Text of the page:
Dairy budgets show no profit before BPS next milk year

Dairy budgets for the 2020-21 milk year look challenging, showing no profit before BPS payments.

Consultant Andersons runs forecasts for a model 200-plus cow dairy herd, typical of many family operations, owning 130ha and renting a further 60ha.

While this year’s budget shows a farming profit of 1.1p/litre before BPS, the next milk year, starting on 1 April, shows none, with production costs at 29.2p/litre.

The main factor is a lower milk price – down by 0.8p/litre to an expected 27.1p/litre.

Adding BPS income to next year’s forecast gives a profit of 1.9p/litre, compared with the 3p/litre budgeted for the current milk year.

See also: Rules on temporary slurry storage when pollution risk is high

Variable costs are seen to fall marginally in 2020-21 as a result of lower feed costs. However, overheads are set to rise to 10.4p/litre on higher labour, power and machinery costs.

Higher spending on rent, finance and drawings in the coming milk year is due to a restructure of the model farm, which included borrowing for expansion.

Dairy data needs new direction

Kite Consulting says while pence-a-litre measures are still relevant, it will be focusing on figures a cow.

“The key element that combines the limiting resources is the cow. Stocking rates, both housed and grazing; capital required; technology; and, most importantly, the people involved, are all centred around the cow,” said the firm’s Edward Lott.

Data from more than 550 farms recorded by Kite shows retained profit a cow (after all costs, including family labour) compared with retained profit a litre.

“There is obviously a massive range,” said Mr Lott. “However, the interesting points are seen at the top end of the profit scale.

“There are businesses where profit a litre ranges from 4p to 12p, where the profit a cow remains at £500.

“Whereas at a profit a litre of 10p, the profit a cow varies from £500 to £1,000. Total farm profit is dictated by profit a cow.”

BPS phase-out

With the demise of BPS between 2021-27 in England and from 2022 in Wales, dairy farmers will need to earn more from their farming operations and consider their place in the dairy sector of the future, warns Andersons.

The firm sees the next decade as a period of profound change in the dairy sector and says producers need to start planning now how they will cope with the withdrawal of subsidy.

Some will join the trend of those getting out of the sector, while others will diversify or restructure.

“We’re seeing more joint ventures in dairy. If the structure is correct, it can also give a good succession plan,” said Oliver Hall, senior farm business consultant with Andersons. 

 “We’ve worked hard at improving the business skills of farm managers. Getting a good technical and commercial skills combination is really important – especially for larger farms and where you may have an owner who is not hands on or experienced in dairy management.”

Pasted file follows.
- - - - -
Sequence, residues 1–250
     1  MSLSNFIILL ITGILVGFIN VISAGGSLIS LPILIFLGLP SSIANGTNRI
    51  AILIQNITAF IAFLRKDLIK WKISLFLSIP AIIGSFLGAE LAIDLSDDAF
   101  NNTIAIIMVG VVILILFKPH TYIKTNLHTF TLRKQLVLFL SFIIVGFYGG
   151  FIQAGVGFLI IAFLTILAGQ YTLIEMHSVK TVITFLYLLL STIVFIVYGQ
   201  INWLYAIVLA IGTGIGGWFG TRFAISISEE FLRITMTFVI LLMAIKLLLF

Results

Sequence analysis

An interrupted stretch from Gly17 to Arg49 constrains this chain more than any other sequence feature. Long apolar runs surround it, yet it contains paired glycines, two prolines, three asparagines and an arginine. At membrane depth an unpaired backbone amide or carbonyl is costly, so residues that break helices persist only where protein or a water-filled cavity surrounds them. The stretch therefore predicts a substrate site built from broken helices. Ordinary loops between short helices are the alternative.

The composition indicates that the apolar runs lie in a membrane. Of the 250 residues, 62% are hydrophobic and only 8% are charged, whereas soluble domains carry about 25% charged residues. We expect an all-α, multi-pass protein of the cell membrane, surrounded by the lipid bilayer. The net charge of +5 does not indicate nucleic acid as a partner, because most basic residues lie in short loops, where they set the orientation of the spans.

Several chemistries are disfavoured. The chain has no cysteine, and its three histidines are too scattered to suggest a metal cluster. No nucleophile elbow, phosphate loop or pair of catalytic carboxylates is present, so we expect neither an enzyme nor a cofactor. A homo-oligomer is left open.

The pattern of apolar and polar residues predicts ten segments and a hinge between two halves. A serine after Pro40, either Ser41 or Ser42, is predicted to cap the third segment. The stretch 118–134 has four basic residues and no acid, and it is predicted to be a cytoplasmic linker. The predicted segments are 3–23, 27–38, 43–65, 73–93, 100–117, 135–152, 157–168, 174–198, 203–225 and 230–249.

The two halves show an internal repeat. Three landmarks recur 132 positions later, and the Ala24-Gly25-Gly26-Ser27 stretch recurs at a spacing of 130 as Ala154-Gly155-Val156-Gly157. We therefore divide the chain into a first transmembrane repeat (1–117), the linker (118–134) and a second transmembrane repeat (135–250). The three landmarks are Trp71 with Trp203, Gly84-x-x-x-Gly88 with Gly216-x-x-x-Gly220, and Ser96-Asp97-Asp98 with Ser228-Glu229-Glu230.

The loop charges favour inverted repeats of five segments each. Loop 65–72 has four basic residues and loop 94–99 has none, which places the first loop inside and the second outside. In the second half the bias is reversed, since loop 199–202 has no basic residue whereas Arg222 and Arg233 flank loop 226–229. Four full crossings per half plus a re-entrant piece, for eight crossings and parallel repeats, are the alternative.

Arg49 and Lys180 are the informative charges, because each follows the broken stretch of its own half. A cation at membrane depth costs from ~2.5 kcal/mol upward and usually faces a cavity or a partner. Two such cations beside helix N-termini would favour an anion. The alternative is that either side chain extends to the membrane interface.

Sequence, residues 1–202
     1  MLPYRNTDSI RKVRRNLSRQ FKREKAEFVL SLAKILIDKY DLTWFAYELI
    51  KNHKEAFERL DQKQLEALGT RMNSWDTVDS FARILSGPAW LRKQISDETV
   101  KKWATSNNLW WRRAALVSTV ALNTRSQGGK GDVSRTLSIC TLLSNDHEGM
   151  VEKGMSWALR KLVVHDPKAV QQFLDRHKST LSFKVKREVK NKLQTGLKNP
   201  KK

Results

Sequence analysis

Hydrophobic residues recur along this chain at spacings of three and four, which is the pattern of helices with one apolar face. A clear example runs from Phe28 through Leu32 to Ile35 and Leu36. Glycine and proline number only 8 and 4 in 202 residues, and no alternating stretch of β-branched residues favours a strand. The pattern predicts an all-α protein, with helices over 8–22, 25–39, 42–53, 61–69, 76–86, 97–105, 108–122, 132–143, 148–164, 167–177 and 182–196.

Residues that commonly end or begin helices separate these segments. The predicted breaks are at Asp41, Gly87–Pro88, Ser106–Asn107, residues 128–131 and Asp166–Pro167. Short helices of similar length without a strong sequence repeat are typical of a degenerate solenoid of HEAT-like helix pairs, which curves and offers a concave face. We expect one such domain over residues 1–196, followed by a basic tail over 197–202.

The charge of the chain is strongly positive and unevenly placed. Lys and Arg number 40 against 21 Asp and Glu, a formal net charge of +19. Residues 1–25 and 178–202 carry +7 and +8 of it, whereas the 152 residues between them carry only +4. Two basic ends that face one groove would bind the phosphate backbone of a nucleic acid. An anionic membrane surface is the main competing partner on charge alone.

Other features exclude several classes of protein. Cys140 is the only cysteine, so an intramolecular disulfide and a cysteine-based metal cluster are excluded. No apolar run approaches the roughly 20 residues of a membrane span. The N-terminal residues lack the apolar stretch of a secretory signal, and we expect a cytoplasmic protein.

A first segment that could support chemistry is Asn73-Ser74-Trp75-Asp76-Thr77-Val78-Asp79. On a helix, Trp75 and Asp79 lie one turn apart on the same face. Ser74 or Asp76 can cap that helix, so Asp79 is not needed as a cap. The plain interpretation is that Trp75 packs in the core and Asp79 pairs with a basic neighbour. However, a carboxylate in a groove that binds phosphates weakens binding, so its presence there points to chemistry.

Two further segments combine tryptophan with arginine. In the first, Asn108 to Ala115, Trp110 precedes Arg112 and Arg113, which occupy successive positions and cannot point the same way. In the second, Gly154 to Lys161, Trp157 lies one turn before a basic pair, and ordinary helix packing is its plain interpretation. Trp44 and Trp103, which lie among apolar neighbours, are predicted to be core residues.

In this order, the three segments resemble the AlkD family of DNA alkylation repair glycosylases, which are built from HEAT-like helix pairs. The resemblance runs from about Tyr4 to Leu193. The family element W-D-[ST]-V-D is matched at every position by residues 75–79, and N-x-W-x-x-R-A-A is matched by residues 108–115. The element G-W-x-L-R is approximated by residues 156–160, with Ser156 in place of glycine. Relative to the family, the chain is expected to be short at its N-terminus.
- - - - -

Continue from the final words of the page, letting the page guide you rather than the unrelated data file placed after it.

Less profit in new support regime

The new English Environmental Land Management (ELM) scheme replacing BPS will offer far less profit, and milk producers are likely to find it more challenging than other sectors to access that funding, said Mr Hall, unless there are animal-based or ammonia reduction-related incentives.

Defra figures show that farmers in this sector are those least likely to have joined Entry Level Stewardship and Higher Level Stewardship.

At the same time, milk producers will face greater regulation and cost in areas such as ammonia emissions and carbon monitoring. 

Advice for the 2020-21 milk year

  • Aim for at least 3,000 litres from forage – the average is about 2,000 litres, so there is scope on many farms.
  • Protein costs are falling and wheat is wobbling – look at budget margin forecasts and planted areas and – especially on a falling market – consider taking at least some cover.
  • Beware of benchmarking against industry averages – a group setting where farms can be compared directly is likely to yield more benefits.
  • As trade talks with the EU get under way, prepare for a volatile sterling to push values and costs around.
  • Check your buyer’s financial standing – while accounts do not reflect the current position, they are a good starting point.
  • If accounts are submitted  late to Companies House, or changes are made to financial year-ends, this could be a forewarning of troubles.

Milk market movements

“With EU butterfat prices drifting down and protein prices held up by SMP [skim milk powder], the prospects are for farmgate prices to stagnate or fall slightly as spring approaches,” said Nick Holt-Martyn of The Dairy Group consultancy.

“There is unlikely to be an upturn in markets while global supply remains stable and GDP growth falls away. The indications are suggesting stability in markets before any Brexit shenanigans are factored in.”

There is good demand for spot milk, which is making 27-28p/litre.

Output in the main milk-exporting countries has risen, but in a limited way, which is keeping global prices relatively stable.

UK production reflects this, but weak consumer demand and Brexit uncertainty have put downward pressure on farmgate prices, despite some key price holds for many producers.

Friesian Farm budgets and results

Friesian Farm

Milk years

P/litre

2017-18  (result)

2018-19 (result)

2019-20 (budget)

2020-21 (forecast)

Milk price

29.0

28.8

27.9

27.1

Total output

31.0

30.9

29.7

29.2

Variable costs

12.8

14.7

12.4

12.3

Overhead costs

9.3

9.6

10.0

10.4

Rent, finance, drawings

6.4

6.4

6.2

6.5

Cost of production

28.5

30.8

28.6

29.2

Profit from production

2.4

0.1

1.1

0

BPS

1.9

1.9

1.9

1.9

Business profit

4.3

2.0

3.0

1.9

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